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No dead air: Schools Podcast Challenge

Schools podcast challenge

Fred Rubinstein (centre) of the Foundation’s Lived Experience Advisory Committee, takes part in the Young Leaders of the West podcast challenge.

By Maryrose Cuskelly

The Schools Podcast Challenge trained young people in Melbourne’s west in media production and presentation while raising their awareness – and, ultimately, that of their community – of the effects, risks and stigma associated with gambling harm.

The challenge was funded by the Victorian Responsible Gambling Foundation in 2022 and 2023 through its support of Young Leaders of the West (YLOTW), a gambling harm prevention partnership with IPC Health. The program slots neatly into the students’ VCE Vocational Major curriculum, developing their technical skills as well as ‘soft’ skills in communication.

Students … develop[ed] their technical skills as well as ‘soft’ skills in communication. 

Senior school students created podcasts based on their interviews with someone with lived experience of gambling harm, a counsellor working in the area, and a YLOTW young leader. Their podcasts were then embedded in digital flipbooks along with photos documenting the project and links to resources like Gambler’s Help. The students and their schools distributed the flipbooks to their communities through platforms such as Compass and Facebook.

Each school received a $500 voucher to put towards purchasing recording equipment. And participating students were each presented with a certificate recognising their achievement and a voucher from JB Hi-Fi. The challenge aspect was to attract the most podcast listens, with the winning school awarded an entire podcasting kit.

Launched in the west

The first podcast challenge was launched in October 2022 during Gambling Harm Awareness Week. Five schools took part: Altona College, Williamstown High School, and Bayside, MacKillop and Braybrook colleges. The second round, launched in May 2023, also included five schools: two from the previous year, MacKillop and Braybrook colleges, along with Footscray, Melton and SEDA colleges. Another three schools, Laverton, Keilor Downs and Harvester Technical colleges, recorded podcasts in October.

… the students had little knowledge of gambling harm prior to the project.

Despite some of Australia’s highest per capita gambling losses occurring in Melbourne’s west, the students had little knowledge of gambling harm prior to the project, says Sarah-Jane Blunt, an IPC Health community engagement officer.

‘Neither did the wider community and that’s why it was so good to do it in the west,’ she adds.

The students were trained in presenting, recording and producing a podcast. They also discussed what it means to be a young leader before a member of the Foundation’s Lived Experience Advisory Committee, Fred Rubinstein, spoke about his personal experience of gambling harm.

Fred’s input was key in engaging the students, says Christine Fotias, project officer with IPC Health. ‘He’s really inspiring. The way he tells his story is so dramatic.’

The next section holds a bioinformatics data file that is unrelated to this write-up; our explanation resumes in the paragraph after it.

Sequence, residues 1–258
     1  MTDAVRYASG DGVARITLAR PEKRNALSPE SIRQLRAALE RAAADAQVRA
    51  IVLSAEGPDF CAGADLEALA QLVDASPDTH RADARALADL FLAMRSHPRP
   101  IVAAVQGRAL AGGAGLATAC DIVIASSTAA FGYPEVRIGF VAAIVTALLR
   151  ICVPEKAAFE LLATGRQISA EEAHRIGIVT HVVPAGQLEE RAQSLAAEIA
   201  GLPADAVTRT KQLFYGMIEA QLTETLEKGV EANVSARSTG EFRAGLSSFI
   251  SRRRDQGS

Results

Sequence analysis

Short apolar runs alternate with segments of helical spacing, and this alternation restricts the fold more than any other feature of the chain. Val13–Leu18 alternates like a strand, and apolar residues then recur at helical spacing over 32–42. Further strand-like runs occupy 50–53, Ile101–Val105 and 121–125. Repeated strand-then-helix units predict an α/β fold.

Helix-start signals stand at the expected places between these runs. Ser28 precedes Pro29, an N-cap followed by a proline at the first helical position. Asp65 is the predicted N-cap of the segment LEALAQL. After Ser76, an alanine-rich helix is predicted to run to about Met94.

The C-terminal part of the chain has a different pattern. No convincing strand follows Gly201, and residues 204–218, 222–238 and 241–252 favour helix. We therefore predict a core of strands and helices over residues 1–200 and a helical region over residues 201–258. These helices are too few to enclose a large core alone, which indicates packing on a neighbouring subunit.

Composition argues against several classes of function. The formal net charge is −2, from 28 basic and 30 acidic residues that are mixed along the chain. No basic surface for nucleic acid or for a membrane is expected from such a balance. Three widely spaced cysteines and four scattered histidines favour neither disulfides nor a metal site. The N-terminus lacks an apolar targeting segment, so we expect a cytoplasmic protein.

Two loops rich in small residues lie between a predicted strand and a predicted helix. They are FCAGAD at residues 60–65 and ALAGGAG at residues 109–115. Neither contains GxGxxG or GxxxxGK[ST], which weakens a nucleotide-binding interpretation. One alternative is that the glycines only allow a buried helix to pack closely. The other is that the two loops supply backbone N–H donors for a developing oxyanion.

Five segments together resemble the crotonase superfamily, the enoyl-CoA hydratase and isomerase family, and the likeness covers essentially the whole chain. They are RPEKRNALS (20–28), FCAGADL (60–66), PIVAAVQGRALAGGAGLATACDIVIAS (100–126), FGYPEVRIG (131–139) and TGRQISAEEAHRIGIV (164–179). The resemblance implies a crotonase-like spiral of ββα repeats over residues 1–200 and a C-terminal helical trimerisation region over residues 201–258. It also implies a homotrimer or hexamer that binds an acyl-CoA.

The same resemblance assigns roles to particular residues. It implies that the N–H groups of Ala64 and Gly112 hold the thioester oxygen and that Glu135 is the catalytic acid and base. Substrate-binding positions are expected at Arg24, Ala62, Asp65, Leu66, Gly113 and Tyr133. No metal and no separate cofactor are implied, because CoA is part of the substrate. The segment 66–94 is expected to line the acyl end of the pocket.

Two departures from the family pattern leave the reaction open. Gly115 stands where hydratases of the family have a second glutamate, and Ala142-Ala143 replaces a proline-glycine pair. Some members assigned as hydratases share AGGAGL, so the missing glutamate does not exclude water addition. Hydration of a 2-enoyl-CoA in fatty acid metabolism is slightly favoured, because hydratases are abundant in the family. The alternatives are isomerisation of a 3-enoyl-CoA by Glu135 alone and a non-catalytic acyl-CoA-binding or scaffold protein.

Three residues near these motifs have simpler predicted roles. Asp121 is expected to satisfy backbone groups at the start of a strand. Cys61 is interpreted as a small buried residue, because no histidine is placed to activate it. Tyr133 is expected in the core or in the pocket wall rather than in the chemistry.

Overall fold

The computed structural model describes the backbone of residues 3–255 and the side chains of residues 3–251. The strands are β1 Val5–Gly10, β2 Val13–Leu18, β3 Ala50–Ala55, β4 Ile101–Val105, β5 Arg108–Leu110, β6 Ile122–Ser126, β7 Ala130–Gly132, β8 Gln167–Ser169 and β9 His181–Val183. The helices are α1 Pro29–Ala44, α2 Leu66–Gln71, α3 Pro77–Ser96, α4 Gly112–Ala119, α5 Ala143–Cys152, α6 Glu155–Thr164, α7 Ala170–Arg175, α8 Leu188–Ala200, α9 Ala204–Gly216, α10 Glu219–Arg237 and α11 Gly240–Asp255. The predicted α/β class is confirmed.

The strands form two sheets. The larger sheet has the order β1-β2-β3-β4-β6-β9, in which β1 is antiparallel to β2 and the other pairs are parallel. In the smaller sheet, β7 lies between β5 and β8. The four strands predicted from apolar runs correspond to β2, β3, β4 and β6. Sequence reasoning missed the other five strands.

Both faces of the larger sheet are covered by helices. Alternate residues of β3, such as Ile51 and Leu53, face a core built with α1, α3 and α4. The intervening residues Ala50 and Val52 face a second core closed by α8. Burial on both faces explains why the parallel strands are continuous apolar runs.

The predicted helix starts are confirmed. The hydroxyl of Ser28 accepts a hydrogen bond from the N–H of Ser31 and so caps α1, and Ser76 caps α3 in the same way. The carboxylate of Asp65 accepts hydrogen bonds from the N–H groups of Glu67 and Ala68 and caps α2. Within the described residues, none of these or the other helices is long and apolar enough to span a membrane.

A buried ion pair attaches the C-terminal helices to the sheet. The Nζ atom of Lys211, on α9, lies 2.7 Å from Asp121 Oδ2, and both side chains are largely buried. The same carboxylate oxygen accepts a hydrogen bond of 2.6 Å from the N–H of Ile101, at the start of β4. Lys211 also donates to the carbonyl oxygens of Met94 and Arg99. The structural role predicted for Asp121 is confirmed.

Fred’s openness about his struggles … resonates with students …

Fred gambled away his inheritance when he was a similar age to the students and then managed, with help, to turn his life around. Fred’s openness about his struggles with schooling and his obsession with gaming when he was younger resonate with students, Sarah-Jane says.

After hearing Fred, students workshopped their interviewing skills and prepared questions. The second half of the day was spent recording and, with the advice of their media trainer– ‘No dead air!’ – ringing in their ears, they put their new skills into practice.

Open and honest question & answers

Across the podcasts, the students’ questions reveal their surprise that Fred, confident and outgoing, could lose so much and fail to realise the extent to which gambling was causing him harm. They were curious about why it was so difficult for him to stop gambling as the losses mounted and the trust of family and friends evaporated.

The students’ interviews with counsellors from IPC Health helped to demystify the role of therapy in recovery from gambling addiction. They asked about the connection between mental health and gambling harm, what occurs in a counselling session and how to help someone who might be experiencing harm. To provide context, the young leaders spoke about the extent of gambling in Australia and its effects on the economy and society.

They asked about the connection between mental health and gambling harm …

For many young people, Christine says, gambling is seen as a harmless social activity. Through the podcast challenge, students not only learnt about the risks and consequences, they gained confidence in raising community awareness about them.

‘Young people think they’re invincible,’ Sarah-Jane adds. ‘After hearing from Fred, they realise that everyone is vulnerable to gambling harm.’

‘A lot of the students game [online],’ Christine says. ‘They’re gaming and buying [in-app] packages. It’s not until they hear Fred’s story that they make the connection. They’re like, “Oh, wow. I’m gambling then.”’

Program impact

The students’ responses to a questionnaire indicated that their awareness of gambling risks and harms increased significantly during the challenge, as did their knowledge of how those affected could seek help. In addition, most showed that they had more sympathy for people harmed by gambling.

They also appreciated the opportunity to develop their newly acquired communication and presentation skills!

There have been more than 2000 listens to the podcasts, indicating the program’s significant reach. An endorsement for putting tools into young people’s hands to educate themselves and their peers about gambling harm.

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